Vanessa Phang, a resident singer on a cruise ship for eight years, says she would take requests from passengers, but there is one particular song that must not be sung onboard a ship.
"My Heart Will Go On from 'The Titanic' is a no-no because it has very bad implications for a ships ailing in the high seas."
So, is singing on a cruise ship an easy job as many would like to believe?
Not really, Phang says, as one needs to learn to stand still even when the sea is choppy.
"Even a seasoned captain and cockpit crew can throw up when the sea gets really rough. It's downright terrifying!
"And the crew member's cabins are located at the basement. If you look out of the window you could sit waves higher than the ship itself bashing the body of the ship. Everything drops on the floor, and you can't sleep the whole night!"
Phang loves to sing, and has taken part in singing contests here and in Taiwan, where she was pursuing a beauty and styling course.
Upon returning to Malaysia, she did not go into the beauty industry but continued to pursue her singing hobby, becoming a resident singer at Genting Highlands before joining a cruise ship at the recommendation of a friend in 2012.
She confides that a singing contract on cruise ship is normally half-yearly.
There was a time the ship experienced an engine failure in the sea, and Phang and the rest of people onboard had to drift aimlessly in the open sea for three days until the ship was towed to the nearest port by a rescue boat.
"As the engine was unable to function, the ship had to be towed slowly to the port so that the passengers could disembark before it was towed to the dock for repair.
"All the crew must remain onboard during those three days of repair. No water and electricity. We only had dried food and milk for food. No water for shower!
"It happened during my first time working on the ship. I was thinking I couldn't have been more unfortunate.
"At least I wouldn't get panic when the ship were to encounter another problem over the next half a year."
There was another occasion when some 800passengers, all men, were aboard the ship on company incentive trip. The captain advised the female crew to take extra caution especially during a performance, as there had been instances of harassment by guests before.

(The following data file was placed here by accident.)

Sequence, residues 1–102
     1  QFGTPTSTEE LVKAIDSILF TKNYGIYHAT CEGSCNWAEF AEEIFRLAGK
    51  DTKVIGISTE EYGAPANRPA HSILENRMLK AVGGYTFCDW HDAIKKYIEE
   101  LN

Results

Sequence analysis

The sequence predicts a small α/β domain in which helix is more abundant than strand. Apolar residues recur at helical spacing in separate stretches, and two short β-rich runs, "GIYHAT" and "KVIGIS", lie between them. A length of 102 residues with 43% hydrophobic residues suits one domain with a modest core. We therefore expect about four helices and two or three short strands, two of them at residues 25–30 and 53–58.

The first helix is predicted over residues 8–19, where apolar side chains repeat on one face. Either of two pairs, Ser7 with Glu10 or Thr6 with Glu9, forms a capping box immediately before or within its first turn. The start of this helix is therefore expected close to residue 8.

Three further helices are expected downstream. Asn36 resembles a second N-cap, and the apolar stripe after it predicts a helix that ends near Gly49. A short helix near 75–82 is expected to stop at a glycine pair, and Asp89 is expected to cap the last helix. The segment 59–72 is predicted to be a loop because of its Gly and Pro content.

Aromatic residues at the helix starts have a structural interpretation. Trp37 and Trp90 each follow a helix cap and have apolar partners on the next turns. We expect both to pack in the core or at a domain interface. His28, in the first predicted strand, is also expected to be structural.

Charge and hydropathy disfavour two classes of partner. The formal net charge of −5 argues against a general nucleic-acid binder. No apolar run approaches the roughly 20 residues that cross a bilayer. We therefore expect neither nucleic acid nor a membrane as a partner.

"That evening we performed in front of the guests as usual, but the way several men stared at me made me feel really uncomfortable.
"Actually the captain had arranged some security officers there, and seeing that things didn't go quite right, the manager told us to stop after singing only for two hours. On the way back to my cabin, a male passenger asked me whether I provided 'special service'. I ignored him and walked away, but did not dare to walk back to my cabin. I had to stay inside a friend's cabin for some time before heading back to my own cabin.
"We felt relieved only after this group of guests disembarked at the end of their three-day itinerary."
Another problem that Phang has come across is drunk passengers.
"If anyone commits drunken mischief on the ship, the captain can put him in confinement or expel him from the vessel when it docks at the harbor."
While most passengers board a cruise ship for vacation, Phang says she has seen passengers boarding the ship "with a purpose", including suicide or trying to sneak into a docked city to look for job illegally.
Phang has so far worked on two ships,the last being Costa Asia which boasts three or four resident bands performing at different time slots.
Working onboard a ship could be a lonely thing, and the only entertainment is probably gathering with colleagues at the crew canteen or pub.
Job contract is normally half yearly, renewable after a two-month hiatus.
She admits that working on the ship can indeed help her save on transportation, room and boarding costs. The only expenses are probably made on land when the ship docks at the port.
"There are perks working on a ship. I have traveled to plenty of cities these few years.
"A resident singer has less limitation and can go out when the ship docks at the harbor so long as we come back on time to work."
There are nevertheless general restrictions for the crew onboard the ship. For instance, they are not allowed to use the facilities in public areas, must be decently dressed and should not get drunk in public.
"As we are all confined within a closed space, life could be difficult if we get into trouble and cultural clash with any of the colleagues. Some even suffer depression on the ship."
While there are people who get tired working on the ship, others are fearful of their future once they leave the ship. As such, there are people who would opt to work on the ship the whole life.
Time to quit
After working on the ship for six years, Phang felt it was time to leave. She said it took her a lot of courage to make the decision after her contract expired in2018.
Due to her age, and the fact that her aging parents needed her company, she felt that if she did not makeup her mind now, it would be even more difficult for her to make a decision much later.
"When I first went home, I felt completely lost, not knowing what kind of job I should look for. I was struggling inside whether I should go back to the ship again.
"But I told myself I needed to settle down first. So I went to India to get a yoga trainer cert.
"Looking back at the decision I made, I now feel that it is utterly important to be firm in our decisions."